AUGUST IS NATIONAL IMMUNIZATION AWARENESS MONTH!
Click this link to learn more about this celebration of the importance of immunizations for people of all ages.
INFORMATION ABOUT IMMUNIZATION EXEMPTION LAW (SB277)
For information about the law, please visit the California Department of Public Health (CDPH) ShotsforSchool website. Additional information from CDPH about the implementation of the law is expected in the coming months.
RANDOM DIGIT DIALING TELEPHONE SURVEYS (RDD)
The County of San Diego Health and Human Services Agency's Immunization Program conducts Random Digit Dialing (RDD) telephone surveys. Interviewers make phone calls to randomly selected phone numbers to assess immunization coverage rates as well as the knowledge, attitudes and beliefs about vaccines among San Diego County residents. Information provided by participants is kept confidential. Surveys provide valuable data to determine what proportions of children living in San Diego County are fully immunized. The information collected helps us plan programs to do a better job of protecting all San Diegans from vaccine preventable diseases. For more information, please contact the San Diego Immunization Program at 866-358-2966.
Meningococcal Disease and Vaccine: What You Should Know
What is it?
Meningococcal disease is a serious illness caused by the Neisseria meningitidis bacteria that can infect the blood or areas around the brain and spinal cord. Infection can lead to brain damage, disability and rapid death.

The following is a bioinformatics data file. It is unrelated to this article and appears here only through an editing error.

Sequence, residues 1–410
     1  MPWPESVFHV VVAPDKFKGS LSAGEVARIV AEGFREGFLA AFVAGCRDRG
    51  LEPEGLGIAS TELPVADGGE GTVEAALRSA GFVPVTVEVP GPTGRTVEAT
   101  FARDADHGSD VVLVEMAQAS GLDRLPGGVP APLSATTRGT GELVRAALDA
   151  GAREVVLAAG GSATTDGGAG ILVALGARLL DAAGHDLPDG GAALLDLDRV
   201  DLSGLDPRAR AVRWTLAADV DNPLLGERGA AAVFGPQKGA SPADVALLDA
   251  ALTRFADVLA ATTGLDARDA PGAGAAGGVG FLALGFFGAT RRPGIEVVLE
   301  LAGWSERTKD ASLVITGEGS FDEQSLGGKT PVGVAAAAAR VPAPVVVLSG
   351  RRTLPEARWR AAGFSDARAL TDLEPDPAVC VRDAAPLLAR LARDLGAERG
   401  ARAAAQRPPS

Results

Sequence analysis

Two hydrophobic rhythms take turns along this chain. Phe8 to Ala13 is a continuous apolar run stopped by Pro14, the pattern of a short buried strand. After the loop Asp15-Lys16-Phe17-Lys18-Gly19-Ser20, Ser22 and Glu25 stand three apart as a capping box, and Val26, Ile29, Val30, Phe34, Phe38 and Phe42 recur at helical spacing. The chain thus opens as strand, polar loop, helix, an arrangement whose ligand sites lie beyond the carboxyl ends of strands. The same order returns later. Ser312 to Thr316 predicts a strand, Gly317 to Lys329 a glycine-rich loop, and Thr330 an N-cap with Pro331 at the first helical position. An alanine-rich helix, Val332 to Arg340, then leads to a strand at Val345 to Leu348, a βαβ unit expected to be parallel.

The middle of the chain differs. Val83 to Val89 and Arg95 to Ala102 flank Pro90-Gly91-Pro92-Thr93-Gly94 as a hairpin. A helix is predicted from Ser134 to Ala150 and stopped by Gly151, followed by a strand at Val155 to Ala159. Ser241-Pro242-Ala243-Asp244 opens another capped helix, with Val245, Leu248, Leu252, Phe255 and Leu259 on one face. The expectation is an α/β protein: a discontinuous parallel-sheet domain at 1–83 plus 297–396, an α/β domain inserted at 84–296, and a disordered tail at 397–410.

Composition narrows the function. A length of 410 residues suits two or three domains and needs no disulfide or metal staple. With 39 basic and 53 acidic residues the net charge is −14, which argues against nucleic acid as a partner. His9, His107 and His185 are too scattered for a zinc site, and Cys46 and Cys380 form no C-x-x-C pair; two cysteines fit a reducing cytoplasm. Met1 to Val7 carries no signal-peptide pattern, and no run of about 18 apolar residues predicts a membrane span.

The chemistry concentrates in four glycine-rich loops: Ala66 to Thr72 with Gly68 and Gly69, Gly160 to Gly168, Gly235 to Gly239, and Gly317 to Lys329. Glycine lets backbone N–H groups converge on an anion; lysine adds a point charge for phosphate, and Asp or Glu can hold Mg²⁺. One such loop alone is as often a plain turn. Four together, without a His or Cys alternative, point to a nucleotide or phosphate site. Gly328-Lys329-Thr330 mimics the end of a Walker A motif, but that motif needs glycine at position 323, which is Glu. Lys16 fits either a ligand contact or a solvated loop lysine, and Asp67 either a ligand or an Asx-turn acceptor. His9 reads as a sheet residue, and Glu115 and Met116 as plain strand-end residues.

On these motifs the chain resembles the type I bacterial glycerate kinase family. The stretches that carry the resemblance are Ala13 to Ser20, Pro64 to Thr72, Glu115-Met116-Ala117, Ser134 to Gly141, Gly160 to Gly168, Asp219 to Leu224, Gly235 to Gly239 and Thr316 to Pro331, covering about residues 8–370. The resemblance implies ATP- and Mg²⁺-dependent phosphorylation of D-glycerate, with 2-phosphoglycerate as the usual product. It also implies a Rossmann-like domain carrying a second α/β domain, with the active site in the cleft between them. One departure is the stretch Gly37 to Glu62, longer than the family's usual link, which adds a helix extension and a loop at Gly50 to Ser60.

(See related County News Center story)
What are the symptoms?
Symptoms may include fever, intense headache, lethargy, stiff neck, and a rash that does not blanch under pressure. Anyone with potential exposure who develops any of these symptoms should immediately contact a healthcare provider or emergency room for evaluation of possible meningococcal disease.
How is it spread?
The bacteria can be spread through close contact, such as sharing drinking glasses, eating utensils, cigarettes, or water bottles. They can also be spread by kissing, smoking and living in close quarters. The time between exposure to the disease and the onset of symptoms can be between two to 10 days. Individuals who had close contact with someone who is infected should receive antibiotics to prevent any possible infection. Preventive antibiotics are not recommended for people who were not in close contact with an infected person, but they should be aware of possible symptoms and make sure they have received the recommended vaccination against the disease.
How do you prevent it?
There are three vaccines, MCV4 (also called quadrivalent or MenACWY), MPSV4 and serogroup B meningococcal vaccine, that protect against the types (called "serogroups") of the N. meningitidis bacteria which cause most meningococcal disease. MCV4 is routinely recommended for children and adolescents 11-18 years of age, with an initial dose recommended at age 11-12 and a booster at age 16. People ages 19-21 years who are first-year college students living in a residence hall are also recommended to receive this vaccine if their previous dose was given younger than 16 years of age. In addition, this vaccine is recommended for other groups considered at higher risk for meningococcal disease, including:
- People at risk because of a serogroup A, C, W, or Y meningococcal disease outbreak;
- anyone whose spleen is damaged or has been removed;
- those traveling to or living in a part of the world where meningococcal disease is common, such as parts of Africa; and
- anyone with a rare immune system condition called “persistent complement component deficiency."
Teens and young adults (16 through 23 year olds) may also be vaccinated with a serogroup B meningococcal vaccine (Bexsero® or Trumenba®), preferably at 16 through 18 years old. Two or three doses are needed depending on the brand.